COVID-19: learning as an interdependent world

Published:September 25, 2021DOI:

[Excerpt] There were some grounds for hope that the COVID-19 pandemic would be under control by now. Huge scientific advances have been made in our understanding of COVID-19, as well as its countermeasures. Countries have had 18 months to understand which policies work, and to develop strategies accordingly. Yet the pandemic is at a dangerous and shifting stage. Almost 10 000 deaths are reported globally every day. National responses to COVID-19 range from the complete lifting of restrictions in Denmark, to new state-wide lockdowns in Australia, and a growing political and public health crisis in the USA. In the UK, the number of infections is rising again, putting unsustainable pressure on the health service. Health workers are exhausted. The response to WHO’s call for global solidarity to combat COVID-19 has been derisory. The pandemic remains a global emergency.The handling of the pandemic is becoming increasingly politicised, with many public health decisions informed by partisan division instead of science. The conflation of the two is damaging public trust in both governments and scientists. For example, vaccine hesitancy has become a major issue in the USA due to the unprecedented political polarisation that has affected virtually all aspects of the US pandemic response. There is a sharp geopolitical contrast in vaccine uptake, with polls showing vaccine acceptance of 52·8% in Democrat counties versus 39·9% in Republican counties. This situation is no longer a debate about a public health crisis. In France, Italy, and the USA, the discussion has evolved into a division over the touchstones of democracy: freedom of individual choice versus the power of governments attempting to safeguard citizens. US President Joe Biden, in attempts to combat vaccine hesitancy, has imposed the most dramatic vaccine mandates to date. The US paradox shows how a scientific superpower can be plunged into chaos.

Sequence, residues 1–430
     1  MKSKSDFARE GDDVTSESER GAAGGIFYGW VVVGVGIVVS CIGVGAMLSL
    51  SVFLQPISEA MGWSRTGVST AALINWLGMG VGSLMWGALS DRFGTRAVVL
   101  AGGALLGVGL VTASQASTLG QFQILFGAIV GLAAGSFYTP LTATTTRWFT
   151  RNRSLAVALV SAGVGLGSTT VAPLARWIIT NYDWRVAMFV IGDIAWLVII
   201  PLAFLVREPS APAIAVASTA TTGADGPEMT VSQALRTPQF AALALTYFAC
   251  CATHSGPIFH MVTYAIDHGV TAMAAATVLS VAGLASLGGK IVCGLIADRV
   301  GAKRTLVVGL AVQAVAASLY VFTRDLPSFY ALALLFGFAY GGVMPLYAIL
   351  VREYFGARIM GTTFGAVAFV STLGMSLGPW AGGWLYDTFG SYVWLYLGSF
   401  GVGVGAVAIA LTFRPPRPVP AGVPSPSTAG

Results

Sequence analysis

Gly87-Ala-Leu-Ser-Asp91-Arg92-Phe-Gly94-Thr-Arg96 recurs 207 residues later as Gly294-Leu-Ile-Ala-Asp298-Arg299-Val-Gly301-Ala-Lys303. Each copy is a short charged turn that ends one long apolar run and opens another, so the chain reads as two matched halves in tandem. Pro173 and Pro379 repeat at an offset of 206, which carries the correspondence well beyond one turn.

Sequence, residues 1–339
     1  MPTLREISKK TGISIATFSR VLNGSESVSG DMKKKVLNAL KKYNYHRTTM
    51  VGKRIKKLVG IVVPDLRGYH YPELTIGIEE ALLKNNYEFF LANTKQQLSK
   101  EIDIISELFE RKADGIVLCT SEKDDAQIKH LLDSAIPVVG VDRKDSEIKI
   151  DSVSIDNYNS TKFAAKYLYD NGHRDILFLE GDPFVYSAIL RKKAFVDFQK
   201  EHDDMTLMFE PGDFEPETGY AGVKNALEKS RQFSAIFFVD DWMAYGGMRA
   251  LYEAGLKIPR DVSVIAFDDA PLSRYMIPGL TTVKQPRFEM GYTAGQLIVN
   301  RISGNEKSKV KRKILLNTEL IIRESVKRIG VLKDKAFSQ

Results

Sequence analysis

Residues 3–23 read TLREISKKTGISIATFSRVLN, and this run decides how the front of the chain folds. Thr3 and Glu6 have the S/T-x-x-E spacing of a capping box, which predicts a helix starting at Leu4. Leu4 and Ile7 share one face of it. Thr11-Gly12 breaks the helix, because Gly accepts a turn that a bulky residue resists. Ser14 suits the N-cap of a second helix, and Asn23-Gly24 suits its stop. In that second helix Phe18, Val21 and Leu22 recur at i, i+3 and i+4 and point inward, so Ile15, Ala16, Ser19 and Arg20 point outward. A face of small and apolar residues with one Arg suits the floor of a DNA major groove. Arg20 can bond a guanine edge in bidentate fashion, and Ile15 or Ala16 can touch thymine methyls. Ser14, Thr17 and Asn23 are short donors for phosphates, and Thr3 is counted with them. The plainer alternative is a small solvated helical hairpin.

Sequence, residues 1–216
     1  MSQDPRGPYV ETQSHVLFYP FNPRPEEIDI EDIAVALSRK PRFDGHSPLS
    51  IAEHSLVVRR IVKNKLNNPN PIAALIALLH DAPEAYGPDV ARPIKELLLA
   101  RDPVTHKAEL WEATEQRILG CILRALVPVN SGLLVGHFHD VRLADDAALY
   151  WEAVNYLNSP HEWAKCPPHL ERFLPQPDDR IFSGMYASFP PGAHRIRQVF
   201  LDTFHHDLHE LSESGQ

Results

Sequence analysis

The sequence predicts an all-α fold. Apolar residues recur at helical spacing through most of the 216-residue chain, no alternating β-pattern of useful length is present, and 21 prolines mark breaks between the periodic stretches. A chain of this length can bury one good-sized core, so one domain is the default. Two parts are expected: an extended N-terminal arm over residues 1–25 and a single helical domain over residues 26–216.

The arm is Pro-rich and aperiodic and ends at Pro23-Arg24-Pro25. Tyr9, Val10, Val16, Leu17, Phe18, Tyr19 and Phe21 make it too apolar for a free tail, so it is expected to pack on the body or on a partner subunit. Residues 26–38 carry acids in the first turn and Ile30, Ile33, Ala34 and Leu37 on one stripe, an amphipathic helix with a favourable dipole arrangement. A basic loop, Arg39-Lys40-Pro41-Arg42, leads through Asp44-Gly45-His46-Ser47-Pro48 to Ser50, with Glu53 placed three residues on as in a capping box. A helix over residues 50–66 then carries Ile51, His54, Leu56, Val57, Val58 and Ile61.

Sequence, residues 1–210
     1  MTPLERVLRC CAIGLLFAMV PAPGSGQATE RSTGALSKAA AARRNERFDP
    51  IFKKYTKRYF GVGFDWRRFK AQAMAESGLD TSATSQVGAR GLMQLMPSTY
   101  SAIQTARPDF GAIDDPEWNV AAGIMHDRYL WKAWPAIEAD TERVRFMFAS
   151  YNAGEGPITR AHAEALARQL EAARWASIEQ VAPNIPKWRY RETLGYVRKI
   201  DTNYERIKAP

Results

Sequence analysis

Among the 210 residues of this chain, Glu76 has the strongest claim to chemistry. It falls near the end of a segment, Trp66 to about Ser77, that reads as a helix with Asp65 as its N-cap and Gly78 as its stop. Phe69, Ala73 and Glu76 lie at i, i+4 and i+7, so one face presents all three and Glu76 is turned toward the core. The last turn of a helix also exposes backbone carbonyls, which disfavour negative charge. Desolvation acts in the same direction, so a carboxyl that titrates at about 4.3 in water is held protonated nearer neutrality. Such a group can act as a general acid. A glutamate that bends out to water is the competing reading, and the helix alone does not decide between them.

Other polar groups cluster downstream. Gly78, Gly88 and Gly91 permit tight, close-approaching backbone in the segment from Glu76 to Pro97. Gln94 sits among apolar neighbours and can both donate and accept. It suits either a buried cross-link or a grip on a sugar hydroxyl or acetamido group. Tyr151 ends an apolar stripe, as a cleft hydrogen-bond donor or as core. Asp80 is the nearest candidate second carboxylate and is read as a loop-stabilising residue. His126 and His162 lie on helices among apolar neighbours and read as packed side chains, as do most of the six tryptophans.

COVID-19 continues to spread globally. The current hot spots are the USA, Brazil, and India, followed by the UK, Turkey, Philippines, and Russia. As vaccine roll-out advances, many high-income countries have lifted most restrictions, often without considering lessons learnt from other countries. For instance, Israel, the first country to vaccinate most of its population, jumped at lifting all restrictions by June, 2021, when hospital admissions and deaths were substantially reduced. However, Israel is seeing a sharp rise in COVID-19 cases caused by the delta (B.1.617.2) variant. The Israeli experience shows the continual need to monitor vaccine protection; the importance of identification and understanding of variants of concern; and the fact that vaccines are not wholly effective at stopping the transmission of the virus, but are very effective at protecting against disease. Scientists themselves remain divided on the best approach to vaccination programmes and there are notable differences between countries, specifically around the roll-out of booster vaccination and the vaccination of children. The authors of a recent Viewpoint in The Lancet argue that, although many high-income countries are beginning to offer booster vaccination, evidence of the need for boosters in the general population is still lacking.Global vaccination is the best approach to ending the pandemic, but equitable delivery of COVID-19 vaccines remains painfully slow. More than 5·7 billion vaccine doses have been administered globally, but only 2% of those have been in Africa. Such vaccine inequality is not only unjust, but it undermines global health security and economic recovery. COVAX has indisputably helped to deliver vaccines more widely and more quickly than otherwise would have occurred—in 6 months, 240 million doses have been delivered to 139 countries—but this is not enough. COVAX has inherent shortcomings and is well short of the goal of distributing 2 billion doses (20% of the world population) by the end of 2021.